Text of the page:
Daily Archives: February 14, 2016

(NYT Op-ed) Kate Bowler–Death, the Prosperity Gospel and Me

On a Thursday morning a few months ago, I got a call from my doctor’s assistant telling me that I have Stage 4 cancer. The stomach cramps I was suffering from were not caused by a faulty gallbladder, but by a massive tumor.

I am 35. I did the things you might expect of someone whose world has suddenly become very small. I sank to my knees and cried. I called my husband at our home nearby. I waited until he arrived so we could wrap our arms around each other and say the things that must be said. I have loved you forever. I am so grateful for our life together. Please take care of our son. Then he walked me from my office to the hospital to start what was left of my new life.

But one of my first thoughts was also Oh, God, this is ironic. I recently wrote a book called “Blessed.”

I am a historian of the American prosperity gospel….

Read it all.

Posted in * Culture-Watch, * International News & Commentary, America/U.S.A., Health & Medicine, Religion & Culture, Seminary / Theological Education, Theology

(FP) Karolina Kan–My Secret Life as a Forbidden Second Child in China

Even though my mother was ready to give up her job, having another child was not easy. Six months after she gave birth to my older brother, the family planning office took her to the hospital and forced her to put an intrauterine device in her body, a common practice at that time. Every few months, women who had already had one child would be taken to the hospital to take an ultrasonic photo and make sure their intrauterine rings were still there.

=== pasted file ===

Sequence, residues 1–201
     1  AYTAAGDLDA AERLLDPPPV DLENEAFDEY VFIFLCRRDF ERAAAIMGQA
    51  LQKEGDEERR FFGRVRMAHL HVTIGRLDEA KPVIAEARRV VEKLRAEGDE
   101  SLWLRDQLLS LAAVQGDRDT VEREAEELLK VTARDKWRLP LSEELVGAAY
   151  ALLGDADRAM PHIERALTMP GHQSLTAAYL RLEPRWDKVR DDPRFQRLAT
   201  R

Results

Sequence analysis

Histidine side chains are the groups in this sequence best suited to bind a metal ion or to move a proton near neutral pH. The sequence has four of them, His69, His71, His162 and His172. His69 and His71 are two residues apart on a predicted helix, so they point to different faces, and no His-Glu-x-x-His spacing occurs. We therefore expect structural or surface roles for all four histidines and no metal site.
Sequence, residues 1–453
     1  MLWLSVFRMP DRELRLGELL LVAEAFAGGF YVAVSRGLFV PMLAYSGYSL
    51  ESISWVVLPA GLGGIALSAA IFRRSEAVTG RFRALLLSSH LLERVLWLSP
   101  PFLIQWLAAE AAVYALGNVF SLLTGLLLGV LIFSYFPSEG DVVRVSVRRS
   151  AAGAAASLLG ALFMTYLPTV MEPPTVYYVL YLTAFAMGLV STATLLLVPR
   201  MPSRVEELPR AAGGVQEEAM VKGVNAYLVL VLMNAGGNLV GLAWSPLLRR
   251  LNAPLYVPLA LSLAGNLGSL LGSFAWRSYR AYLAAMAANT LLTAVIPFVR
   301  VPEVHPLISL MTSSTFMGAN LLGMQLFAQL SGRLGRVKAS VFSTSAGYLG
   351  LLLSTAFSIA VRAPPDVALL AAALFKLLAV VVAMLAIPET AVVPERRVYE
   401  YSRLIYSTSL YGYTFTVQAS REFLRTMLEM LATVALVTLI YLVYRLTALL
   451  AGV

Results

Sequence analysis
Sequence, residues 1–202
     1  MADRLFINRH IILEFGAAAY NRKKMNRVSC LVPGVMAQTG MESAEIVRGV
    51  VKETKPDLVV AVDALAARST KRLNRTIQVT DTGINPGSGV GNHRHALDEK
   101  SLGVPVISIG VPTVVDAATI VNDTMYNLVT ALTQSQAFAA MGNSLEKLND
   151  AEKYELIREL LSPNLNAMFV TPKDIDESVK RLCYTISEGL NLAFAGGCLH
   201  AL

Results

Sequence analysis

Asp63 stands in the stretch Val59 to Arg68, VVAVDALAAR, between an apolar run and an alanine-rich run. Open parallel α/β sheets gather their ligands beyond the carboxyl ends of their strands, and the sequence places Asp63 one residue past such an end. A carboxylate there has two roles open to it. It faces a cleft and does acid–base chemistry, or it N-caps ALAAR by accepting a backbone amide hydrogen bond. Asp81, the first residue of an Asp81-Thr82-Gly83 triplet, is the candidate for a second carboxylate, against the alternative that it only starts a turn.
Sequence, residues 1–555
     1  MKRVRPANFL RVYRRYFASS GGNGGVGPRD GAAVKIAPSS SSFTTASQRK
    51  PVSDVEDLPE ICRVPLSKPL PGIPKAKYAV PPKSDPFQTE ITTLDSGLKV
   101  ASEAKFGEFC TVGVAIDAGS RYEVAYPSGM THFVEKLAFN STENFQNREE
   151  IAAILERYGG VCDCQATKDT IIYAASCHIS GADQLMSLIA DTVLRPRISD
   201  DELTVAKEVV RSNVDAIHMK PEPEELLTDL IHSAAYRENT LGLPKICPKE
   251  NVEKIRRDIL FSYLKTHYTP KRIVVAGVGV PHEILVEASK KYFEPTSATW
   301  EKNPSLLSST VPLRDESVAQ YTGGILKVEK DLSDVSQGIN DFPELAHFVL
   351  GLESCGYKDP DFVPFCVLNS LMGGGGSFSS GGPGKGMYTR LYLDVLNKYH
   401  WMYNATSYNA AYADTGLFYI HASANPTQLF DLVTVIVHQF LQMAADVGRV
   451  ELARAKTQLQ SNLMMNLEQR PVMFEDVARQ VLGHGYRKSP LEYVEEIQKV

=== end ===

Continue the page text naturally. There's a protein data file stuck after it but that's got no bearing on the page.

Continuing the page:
“The way they treated the women, pushing them up into the cars, sometimes even into trucks with some wooden bench for them to sit on, was like the way butchers treat the pigs when driving them to the slaughter houses,” said my mother. “There was no dignity. To cheer ourselves up, on the way we cursed the people who pushed us, or we sang songs.”

“But it’s their job, isn’t it?” I asked. “Nobody forced them to do that job, and they could always turn a blind eye,” she replied. “They used their knife of power to kill so many unborn babies.”

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Posted in * Culture-Watch, * International News & Commentary, Asia, Children, China, History, Marriage & Family

Rome recreated AD 320

h/t ACL Sydney